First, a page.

The owners of the heliport argued their case for a new location at St Erth, only to pull out at a later date.

St Agnes parish council was concerned at plans to develop Perranporth airfield on the grounds it would impact on an AONB.

The Stadium proposed for Threemilestone was granted outline planning permission. Rod Lyon from the Stadium for Cornwall campaign group made an impassioned speech at the meeting to get councillors on side.

He said: “This is a community project for Cornwall, a landmark in its history and will be a centre of pride which has received unprecedented grass-roots support.”  Mr Lyon said that a petition in favour of the stadium had been signed by more than 15,600 people.   Mr Lyon might have noted that despite all the media attention, the overwhelming majority of the population have not signed the petition! Underwhelming support perhaps?

The proposal for a park and ride, Waitrose store and up market homes continued to move forward.

Mixed messages from events held about the proposal for a recycling plant at Hallenbeagle with Cory Environmental suggesting support while the local populace decided to disagree.

Plans were outlined to develop an important green area between Redruth and Illogan.  The developers boldly stated it would provide a gateway to Redruth!

The residents of Camelford were told of the latest plans by Tesco for a new store in the town, complete with the usual offers and ‘bribes’.

A new website was heralded as providing important information on road casualties area by area.  A fundamental flaw though is that it does not differentiate between the causes of casualties, implying that it is the nature of the road that is at fault rather than the nature of the driver.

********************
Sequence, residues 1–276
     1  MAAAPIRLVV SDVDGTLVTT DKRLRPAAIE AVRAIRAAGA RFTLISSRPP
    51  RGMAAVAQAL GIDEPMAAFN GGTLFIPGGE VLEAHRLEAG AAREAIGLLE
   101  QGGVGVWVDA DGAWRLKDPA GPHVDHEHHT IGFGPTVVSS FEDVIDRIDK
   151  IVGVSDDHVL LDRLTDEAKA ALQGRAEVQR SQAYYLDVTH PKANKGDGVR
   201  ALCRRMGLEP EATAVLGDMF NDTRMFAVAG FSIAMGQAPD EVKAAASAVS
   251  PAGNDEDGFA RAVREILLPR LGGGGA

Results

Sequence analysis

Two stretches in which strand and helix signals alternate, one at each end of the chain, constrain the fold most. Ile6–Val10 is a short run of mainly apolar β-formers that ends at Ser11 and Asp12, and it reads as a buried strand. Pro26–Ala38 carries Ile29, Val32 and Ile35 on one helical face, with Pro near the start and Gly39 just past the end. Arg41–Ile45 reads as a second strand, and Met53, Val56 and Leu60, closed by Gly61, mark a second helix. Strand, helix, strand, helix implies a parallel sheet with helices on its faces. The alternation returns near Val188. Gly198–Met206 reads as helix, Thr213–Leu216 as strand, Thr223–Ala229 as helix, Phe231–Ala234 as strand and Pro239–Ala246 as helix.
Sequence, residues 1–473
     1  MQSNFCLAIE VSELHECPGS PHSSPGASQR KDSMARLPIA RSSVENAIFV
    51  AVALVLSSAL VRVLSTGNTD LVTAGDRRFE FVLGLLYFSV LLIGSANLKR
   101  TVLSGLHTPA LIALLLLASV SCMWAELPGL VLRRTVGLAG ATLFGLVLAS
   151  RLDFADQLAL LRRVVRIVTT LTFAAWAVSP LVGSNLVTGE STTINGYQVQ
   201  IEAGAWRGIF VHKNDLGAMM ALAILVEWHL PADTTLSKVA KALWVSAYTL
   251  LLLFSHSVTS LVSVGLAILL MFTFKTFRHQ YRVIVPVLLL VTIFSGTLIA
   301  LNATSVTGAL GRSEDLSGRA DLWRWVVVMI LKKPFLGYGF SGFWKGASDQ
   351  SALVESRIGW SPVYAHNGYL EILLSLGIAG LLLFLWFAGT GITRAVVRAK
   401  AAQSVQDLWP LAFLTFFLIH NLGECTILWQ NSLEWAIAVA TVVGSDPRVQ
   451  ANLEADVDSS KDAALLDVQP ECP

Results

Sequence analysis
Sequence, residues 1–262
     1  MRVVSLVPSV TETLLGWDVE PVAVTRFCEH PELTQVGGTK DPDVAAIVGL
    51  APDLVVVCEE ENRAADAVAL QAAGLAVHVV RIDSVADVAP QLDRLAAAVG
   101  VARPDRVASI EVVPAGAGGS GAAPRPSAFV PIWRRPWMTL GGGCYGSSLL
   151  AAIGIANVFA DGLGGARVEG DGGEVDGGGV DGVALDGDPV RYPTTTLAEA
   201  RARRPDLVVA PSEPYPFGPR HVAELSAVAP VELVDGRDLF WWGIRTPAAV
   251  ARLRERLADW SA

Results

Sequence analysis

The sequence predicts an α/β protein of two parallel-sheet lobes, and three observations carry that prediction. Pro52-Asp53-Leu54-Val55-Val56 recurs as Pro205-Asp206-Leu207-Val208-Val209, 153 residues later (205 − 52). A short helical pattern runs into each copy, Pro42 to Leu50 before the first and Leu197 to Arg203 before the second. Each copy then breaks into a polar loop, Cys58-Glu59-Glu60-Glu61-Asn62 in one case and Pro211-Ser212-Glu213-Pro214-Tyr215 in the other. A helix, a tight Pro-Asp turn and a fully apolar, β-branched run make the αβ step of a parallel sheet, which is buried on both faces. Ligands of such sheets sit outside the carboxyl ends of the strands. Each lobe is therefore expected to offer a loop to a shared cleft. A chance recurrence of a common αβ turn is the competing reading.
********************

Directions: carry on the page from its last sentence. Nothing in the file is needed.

September saw a wide range of planning and economic related news items in Cornwall.  The ongoing stadium saga continued with the latest news that concerns over potential/probable extra traffic arising from the stadium and the 2500 proposed houses, had led to a six month delay.  News that Truro City was facing a large tax bill and could be wound up added to the questions about its economic viability.  There was further news about the transfer of the heliport from Long Rock to St. Erth.  The old chestnut of using empty homes came up again at the Lib Dem conference and an announcement that Cornwall Council would put aside £2 million for purchasing empty homes.   As we have stated before there are issues about using empty homes – overestimating the numbers and little analysis of the cause of emptyness.

Callington heard of news for a traffic survey which might result in a bypass for the town.  Whether a bypass is the solution residents believe it to be is debatable.  Bypasses have a habit of encouraging traffic rather than reducing it.  A short term reduction is followed by more traffic!  What is needed are traffic reduction targets to cut congestion and the other associated issues arising from more traffic.

News emerged of a funding bid for the rest of the East-West Highway running across land between Camborne and Redruth.  The rationale is that it will provide 5,500 new jobs and 7,500 homes, although these will accommodate more people moving into the area rather than meeting local needs (which are rather less than 7,500 homes).  Locals expecting less congestion with the new road will find their hopes dashed as traffic levels on all roads in the area will just go on rising!.

News also came of possible new gypsy pitches, bound to result in local disquiet though the numbers are low and sites are needed.